Ten Theology Books to Watch For – August 2017

August 10, 2017 — Leave a comment

 

Here are a some excellent theology* books that will be released this month:

* broadly interpreted, including ethics, church history, biblical studies, and other areas that intersect with theology

See a book here that you’d like to review for us?
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Church, Society, and the Christian Common Good

Ephraim Radner, Ed.

Cascade Books

Philip Turner’s contributions as a leader and thinker in Christian missions and social ethics are here engaged by an array of friends and colleagues. Turner’s scholarly and clerical career spans a key era of transition in American and world Christianity, and his thinking and teaching about the intersection between ecclesial and civil life have encouraged several generations of Christian theologians and ministers. The essays in this collection touch on key topics in which Turner has been involved: cross-cultural missions, social relations in terms of family and procreation, ecclesiology, scriptural interpretation, the nature of the public good, and the character of a human life before God. Turner has been a pioneer, within the Anglican world especially, in promoting what has been called a “generous orthodoxy” and these essays by prominent theologians from America and the United Kingdom extend his witness in lively and fruitful ways.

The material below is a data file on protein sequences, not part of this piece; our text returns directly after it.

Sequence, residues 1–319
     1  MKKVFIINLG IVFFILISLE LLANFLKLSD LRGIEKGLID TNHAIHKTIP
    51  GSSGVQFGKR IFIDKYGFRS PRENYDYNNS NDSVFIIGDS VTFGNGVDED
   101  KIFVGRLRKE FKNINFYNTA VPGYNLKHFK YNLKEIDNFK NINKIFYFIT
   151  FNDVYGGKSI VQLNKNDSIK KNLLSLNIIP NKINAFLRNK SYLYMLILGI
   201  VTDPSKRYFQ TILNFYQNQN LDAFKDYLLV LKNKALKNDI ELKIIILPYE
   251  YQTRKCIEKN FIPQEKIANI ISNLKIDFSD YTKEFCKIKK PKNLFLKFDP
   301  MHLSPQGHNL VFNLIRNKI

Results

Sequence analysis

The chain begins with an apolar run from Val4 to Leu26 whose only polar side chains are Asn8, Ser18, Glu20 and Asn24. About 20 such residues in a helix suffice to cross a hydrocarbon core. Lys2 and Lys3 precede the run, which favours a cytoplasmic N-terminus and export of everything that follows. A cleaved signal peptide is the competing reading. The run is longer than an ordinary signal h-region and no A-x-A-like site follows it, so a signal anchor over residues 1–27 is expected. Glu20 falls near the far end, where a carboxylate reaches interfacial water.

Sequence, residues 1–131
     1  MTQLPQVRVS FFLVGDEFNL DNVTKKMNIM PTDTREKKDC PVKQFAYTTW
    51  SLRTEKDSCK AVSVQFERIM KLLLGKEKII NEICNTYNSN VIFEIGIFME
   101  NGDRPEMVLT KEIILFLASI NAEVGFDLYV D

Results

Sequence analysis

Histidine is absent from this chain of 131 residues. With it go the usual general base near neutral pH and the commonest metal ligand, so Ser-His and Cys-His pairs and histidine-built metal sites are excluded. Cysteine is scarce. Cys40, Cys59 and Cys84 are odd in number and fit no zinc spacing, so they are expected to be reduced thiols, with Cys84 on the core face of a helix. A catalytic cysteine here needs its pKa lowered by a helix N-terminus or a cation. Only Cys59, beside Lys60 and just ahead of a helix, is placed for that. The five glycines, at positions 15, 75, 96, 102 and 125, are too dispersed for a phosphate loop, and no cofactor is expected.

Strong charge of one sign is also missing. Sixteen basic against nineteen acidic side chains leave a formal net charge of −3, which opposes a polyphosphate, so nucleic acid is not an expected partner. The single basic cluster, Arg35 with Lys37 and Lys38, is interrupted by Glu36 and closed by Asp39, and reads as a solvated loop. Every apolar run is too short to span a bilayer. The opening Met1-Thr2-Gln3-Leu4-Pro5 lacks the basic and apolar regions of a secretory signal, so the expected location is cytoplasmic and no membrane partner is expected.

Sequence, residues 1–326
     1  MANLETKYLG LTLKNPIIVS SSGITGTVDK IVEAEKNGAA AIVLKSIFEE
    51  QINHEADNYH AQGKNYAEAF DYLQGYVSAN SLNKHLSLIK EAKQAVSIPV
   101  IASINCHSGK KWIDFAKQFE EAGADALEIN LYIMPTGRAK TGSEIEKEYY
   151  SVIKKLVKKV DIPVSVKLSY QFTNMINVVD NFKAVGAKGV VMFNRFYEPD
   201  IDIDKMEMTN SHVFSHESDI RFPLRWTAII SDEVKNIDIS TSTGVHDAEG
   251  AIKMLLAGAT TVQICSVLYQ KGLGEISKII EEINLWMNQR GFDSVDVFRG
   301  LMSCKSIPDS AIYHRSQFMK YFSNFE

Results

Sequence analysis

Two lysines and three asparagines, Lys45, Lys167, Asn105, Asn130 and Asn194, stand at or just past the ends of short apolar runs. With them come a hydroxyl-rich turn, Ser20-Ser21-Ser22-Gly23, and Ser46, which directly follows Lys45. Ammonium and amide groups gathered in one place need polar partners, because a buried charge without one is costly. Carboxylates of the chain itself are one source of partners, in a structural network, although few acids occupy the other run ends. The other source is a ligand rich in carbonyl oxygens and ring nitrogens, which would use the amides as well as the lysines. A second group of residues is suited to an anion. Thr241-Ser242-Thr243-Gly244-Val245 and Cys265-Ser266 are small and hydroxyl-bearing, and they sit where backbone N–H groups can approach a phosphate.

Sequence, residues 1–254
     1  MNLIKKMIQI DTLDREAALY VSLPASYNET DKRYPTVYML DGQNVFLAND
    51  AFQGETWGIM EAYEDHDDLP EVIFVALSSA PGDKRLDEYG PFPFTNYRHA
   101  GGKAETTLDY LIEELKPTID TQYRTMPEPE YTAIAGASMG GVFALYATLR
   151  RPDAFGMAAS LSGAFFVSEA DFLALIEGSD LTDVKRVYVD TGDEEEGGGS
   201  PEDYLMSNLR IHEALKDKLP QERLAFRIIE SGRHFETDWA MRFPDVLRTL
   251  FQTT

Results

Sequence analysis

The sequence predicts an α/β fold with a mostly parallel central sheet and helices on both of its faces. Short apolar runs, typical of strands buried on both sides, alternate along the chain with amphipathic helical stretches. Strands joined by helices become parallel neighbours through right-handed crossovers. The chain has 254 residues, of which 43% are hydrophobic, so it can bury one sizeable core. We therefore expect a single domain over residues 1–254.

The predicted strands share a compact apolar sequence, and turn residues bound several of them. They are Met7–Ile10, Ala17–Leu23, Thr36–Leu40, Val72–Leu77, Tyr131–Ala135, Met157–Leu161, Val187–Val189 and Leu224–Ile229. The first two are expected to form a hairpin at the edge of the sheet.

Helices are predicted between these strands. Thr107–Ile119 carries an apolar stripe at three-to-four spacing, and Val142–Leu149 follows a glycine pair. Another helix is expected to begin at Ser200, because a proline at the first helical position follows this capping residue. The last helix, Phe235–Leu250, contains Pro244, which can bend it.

Persons: The Difference between `Someone’ and `Something’

Robert Spaemann

Oxford UP

An examination and defense of the concept of personality, long central to Western moral culture but now increasingly under attack, by a leading European philosopher. Persons takes issue with major contemporary philosophers, especially in the English-speaking world (such as Parfit and Singer), who have contributed to the eclipse of the idea, and traces the debate back to the foundations of modern philosophy in Descartes and Locke. Robert Spaemann offers extended discussions of the sources of the idea in Christian theology and its development in Western philosophy. He also provides a number of pointed discussions of pressing practical questions–for example, our treatment of the severely disabled human and the moral status of intelligent non-human animals. The book covers a great deal of ground before coming to a focused conclusion: all human beings are persons.

 

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